It’s the question we’ve all asked our pet at one time or another. “What’s in your mouth?!” Generally followed by a frantic grab for the pet, and an immediate gulp from said pet. As the holidays approach, let’s take a look at some food items that can be dangerous for your pet!
- Chocolate! This probably isn’t a surprise to most people, but did you know that the darker the chocolate the worse the danger? A candy bar generally isn’t too bad, but a bar of chocolate for baking is a real problem. If you compound it with caffeine, such as a chocolate covered coffee bean, the symptoms become even more life threatening. What can you expect? In less severe cases, vomiting and diarrhea. In more severe cases you can expect tremors, seizures, high heart rate and heart arrhythmias.
- Grapes/Raisins. People with small children may find this to be a problem. Raisins and grapes are great snacks for kids, who love to share with the dog. Interestingly, we don’t actually know why grapes are toxic. They cause kidney failure, but not in all cases! Sometimes a dog will eat just one, and have severe illness. Sometimes a dog can eat a whole bunch and be perfectly fine. This is what we call an “idiopathic reaction”. That’s just a fancy way of saying “we don’t know who it will happen to, and we don’t know when it will happen.” Best to avoid them entirely.
- Bones. Dogs love to chew bones, right? Of course! But not all bones are created equal. Chicken, turkey, and pork/ham bones splinter easily, which can lead to sores in the mouth, or even perforation of the stomach and intestines. It’s best to avoid all bones during the holidays. Consider putting bones immediately into the outside garbage can. Some dogs are pretty persistent trash invaders!
- Xylitol. This artificial sweetener is debatably the most dangerous item on the list. Xylitol is found primarily in gums, but can also be found in other unexpected products. Xylitol causes a profound dip in blood sugar of animals, and can lead to seizures and complications with the liver.
- Macadamia nuts. Although not our most common snack, around the holidays a kind friend might gift you this tasty snack. Tasty for people, but for dogs this nut causes tremors, hyperthermia, vomiting, and depression. Chocolate covered macadamia nuts are a common holiday treat. Talk about a double whammy!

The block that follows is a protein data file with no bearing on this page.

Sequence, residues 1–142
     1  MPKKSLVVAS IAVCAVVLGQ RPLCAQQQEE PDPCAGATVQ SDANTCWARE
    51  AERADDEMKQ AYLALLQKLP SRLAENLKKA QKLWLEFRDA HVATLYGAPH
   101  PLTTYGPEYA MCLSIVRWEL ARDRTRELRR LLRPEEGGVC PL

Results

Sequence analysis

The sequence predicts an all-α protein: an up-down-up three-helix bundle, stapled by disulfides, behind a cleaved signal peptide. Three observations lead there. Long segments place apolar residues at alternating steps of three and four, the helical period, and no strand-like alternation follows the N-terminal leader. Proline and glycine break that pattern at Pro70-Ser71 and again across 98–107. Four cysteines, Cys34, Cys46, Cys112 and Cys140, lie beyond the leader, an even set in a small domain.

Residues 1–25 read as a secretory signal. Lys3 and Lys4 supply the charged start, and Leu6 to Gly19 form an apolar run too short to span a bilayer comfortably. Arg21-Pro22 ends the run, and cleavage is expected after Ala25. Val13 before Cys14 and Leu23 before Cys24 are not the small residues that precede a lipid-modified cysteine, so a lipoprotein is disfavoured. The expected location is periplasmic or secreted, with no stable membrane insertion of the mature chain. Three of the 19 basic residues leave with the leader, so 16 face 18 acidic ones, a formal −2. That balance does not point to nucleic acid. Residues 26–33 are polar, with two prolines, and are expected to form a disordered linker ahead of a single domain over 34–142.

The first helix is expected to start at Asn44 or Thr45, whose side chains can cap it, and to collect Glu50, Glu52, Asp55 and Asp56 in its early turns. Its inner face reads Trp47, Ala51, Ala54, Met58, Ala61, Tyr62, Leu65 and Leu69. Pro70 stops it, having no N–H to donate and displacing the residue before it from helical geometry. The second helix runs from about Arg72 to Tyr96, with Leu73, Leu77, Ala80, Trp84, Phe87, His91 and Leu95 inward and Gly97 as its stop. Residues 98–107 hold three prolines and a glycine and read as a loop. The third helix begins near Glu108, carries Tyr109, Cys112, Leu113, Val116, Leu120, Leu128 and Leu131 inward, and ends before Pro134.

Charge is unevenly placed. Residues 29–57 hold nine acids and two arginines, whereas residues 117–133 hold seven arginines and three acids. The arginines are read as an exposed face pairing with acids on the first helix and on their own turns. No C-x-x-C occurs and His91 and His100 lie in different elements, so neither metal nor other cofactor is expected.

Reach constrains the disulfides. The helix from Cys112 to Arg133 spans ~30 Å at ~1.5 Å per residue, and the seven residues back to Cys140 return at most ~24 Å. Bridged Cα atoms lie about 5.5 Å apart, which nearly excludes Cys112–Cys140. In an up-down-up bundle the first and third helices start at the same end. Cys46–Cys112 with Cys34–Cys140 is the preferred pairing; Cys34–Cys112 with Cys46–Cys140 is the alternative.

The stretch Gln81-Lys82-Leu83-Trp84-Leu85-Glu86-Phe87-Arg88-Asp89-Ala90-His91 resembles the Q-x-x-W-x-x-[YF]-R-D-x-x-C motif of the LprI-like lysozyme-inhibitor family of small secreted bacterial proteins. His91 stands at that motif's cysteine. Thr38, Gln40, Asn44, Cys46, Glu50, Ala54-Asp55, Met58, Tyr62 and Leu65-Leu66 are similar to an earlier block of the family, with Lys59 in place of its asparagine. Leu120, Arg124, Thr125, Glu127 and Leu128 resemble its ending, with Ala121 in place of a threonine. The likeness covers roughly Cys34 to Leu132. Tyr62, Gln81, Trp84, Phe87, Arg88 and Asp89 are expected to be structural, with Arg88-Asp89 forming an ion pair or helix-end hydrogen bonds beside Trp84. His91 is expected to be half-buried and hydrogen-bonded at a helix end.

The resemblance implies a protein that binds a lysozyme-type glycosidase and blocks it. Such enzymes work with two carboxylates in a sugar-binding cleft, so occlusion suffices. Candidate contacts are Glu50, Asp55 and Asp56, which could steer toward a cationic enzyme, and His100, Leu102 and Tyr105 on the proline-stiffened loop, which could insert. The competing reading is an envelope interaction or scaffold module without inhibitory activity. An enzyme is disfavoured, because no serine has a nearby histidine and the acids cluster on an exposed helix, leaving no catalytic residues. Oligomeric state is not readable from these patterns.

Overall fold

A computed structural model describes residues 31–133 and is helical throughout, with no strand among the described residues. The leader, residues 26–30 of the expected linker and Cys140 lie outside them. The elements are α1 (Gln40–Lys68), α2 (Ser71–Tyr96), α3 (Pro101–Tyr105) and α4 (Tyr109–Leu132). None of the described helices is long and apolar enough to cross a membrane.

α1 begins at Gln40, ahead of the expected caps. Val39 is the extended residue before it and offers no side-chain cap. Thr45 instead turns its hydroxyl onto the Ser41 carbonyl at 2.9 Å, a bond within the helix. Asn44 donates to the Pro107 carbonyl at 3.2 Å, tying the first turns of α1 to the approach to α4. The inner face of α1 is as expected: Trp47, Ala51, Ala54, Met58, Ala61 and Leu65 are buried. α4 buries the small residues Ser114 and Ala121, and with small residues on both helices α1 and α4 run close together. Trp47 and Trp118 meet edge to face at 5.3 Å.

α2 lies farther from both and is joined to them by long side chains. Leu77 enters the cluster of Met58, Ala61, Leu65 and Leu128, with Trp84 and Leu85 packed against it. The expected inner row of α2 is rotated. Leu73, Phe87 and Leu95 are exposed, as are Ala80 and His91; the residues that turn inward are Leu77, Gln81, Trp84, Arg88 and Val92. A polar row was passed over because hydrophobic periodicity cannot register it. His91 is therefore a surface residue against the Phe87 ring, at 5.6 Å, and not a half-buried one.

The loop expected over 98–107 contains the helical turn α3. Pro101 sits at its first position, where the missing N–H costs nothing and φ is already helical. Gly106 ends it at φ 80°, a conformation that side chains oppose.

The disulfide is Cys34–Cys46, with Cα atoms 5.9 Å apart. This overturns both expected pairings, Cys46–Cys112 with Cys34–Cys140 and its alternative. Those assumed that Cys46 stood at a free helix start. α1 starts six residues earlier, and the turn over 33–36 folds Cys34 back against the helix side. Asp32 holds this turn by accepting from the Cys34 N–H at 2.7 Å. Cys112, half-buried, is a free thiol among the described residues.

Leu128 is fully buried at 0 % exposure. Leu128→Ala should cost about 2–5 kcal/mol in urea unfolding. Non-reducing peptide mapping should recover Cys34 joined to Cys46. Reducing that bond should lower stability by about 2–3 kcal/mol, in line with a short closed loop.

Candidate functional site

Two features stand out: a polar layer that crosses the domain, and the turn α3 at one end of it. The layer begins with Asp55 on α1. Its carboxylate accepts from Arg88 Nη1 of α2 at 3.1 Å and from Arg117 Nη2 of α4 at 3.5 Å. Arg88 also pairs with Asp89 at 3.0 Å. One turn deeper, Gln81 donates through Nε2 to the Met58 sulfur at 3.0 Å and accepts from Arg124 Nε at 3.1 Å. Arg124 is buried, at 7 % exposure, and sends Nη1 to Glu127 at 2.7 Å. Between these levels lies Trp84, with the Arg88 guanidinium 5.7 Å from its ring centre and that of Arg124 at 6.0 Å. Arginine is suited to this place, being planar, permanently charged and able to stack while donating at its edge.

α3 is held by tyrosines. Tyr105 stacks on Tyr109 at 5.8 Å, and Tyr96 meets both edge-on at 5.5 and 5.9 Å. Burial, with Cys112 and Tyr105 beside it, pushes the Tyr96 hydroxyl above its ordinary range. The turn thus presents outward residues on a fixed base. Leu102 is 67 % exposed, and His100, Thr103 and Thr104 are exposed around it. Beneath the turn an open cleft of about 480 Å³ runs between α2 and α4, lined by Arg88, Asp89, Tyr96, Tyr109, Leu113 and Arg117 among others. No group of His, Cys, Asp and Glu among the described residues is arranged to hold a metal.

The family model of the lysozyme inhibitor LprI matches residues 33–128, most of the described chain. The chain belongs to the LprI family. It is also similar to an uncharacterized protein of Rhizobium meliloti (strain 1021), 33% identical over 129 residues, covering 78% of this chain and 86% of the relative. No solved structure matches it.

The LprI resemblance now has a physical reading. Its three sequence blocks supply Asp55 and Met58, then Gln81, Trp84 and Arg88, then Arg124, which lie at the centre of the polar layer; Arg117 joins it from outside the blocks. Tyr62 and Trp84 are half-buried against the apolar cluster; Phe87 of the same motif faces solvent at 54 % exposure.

- Onions and garlic. It takes a large volume of onions and garlic to cause signs of toxicity. A few bites of casserole containing onions won’t cause illness, but larger volumes can lead to anemia (destruction of red blood cells). Cats are much more at risk than dogs. Remember that the greens are just as dangerous, so don’t let the cat munch the greens from the sprouted onion in your pantry!
- Anything fatty. Coconut oil, nuts, salty snacks, turkey drippings, dairy products and anything your pet is not used to can lead to diarrhea, vomiting, and in more severe cases an inflammation of the pancreas called pancreatitis. In some cases, the symptoms are limited to stomach upset, but severe cases of pancreatitis can be life threatening.
- Salt. Sidewalk salt, homemade play dough, and salt dough ornaments contain large quantities of salt, which can make pets very sick if ingested. While salt in small quantities is ok, the amount of salt in these holiday items can lead to severe neurologic complications and dehydration. It’s best to keep these well out of reach of your pets.
- New and different treats. We all want to give our pets a special holiday snack. While this is fine most of the time, indulging your Chihuahua with a jumbo sized rawhide or a big meaty smoked bone can lead to vomiting and diarrhea. Yes, new snacks are fine for dogs who don’t have allergies, but offer treats in moderation.
- Lilies. This blog post is about food, you’re thinking. No one eats lilies! Be that as it may, Lillies are so life threatening to cats, I’m going to include it in each blog post I make this holiday season! Although I love flowers very much, Lilies in all forms are my least favorite flower because of the threat they pose to felines. Simply grooming lily pollen off of the coat can cause profound, life threatening kidney failure in cats if not treated immediately and aggressively. The well meaning house guest who brings you a hostess gift of flowers should be thanked, and the flowers immediately closed behind the bathroom door or placed in the pantry. Don’t risk it!
While it doesn’t benefit anyone to live in fear over the holidays, remind your kids, relatives, and guests to avoid indulging a begging pet with table scraps and people food. Instead offer the pets some of their own treats or food (in moderation!). The holidays are stressful enough without a sick pet!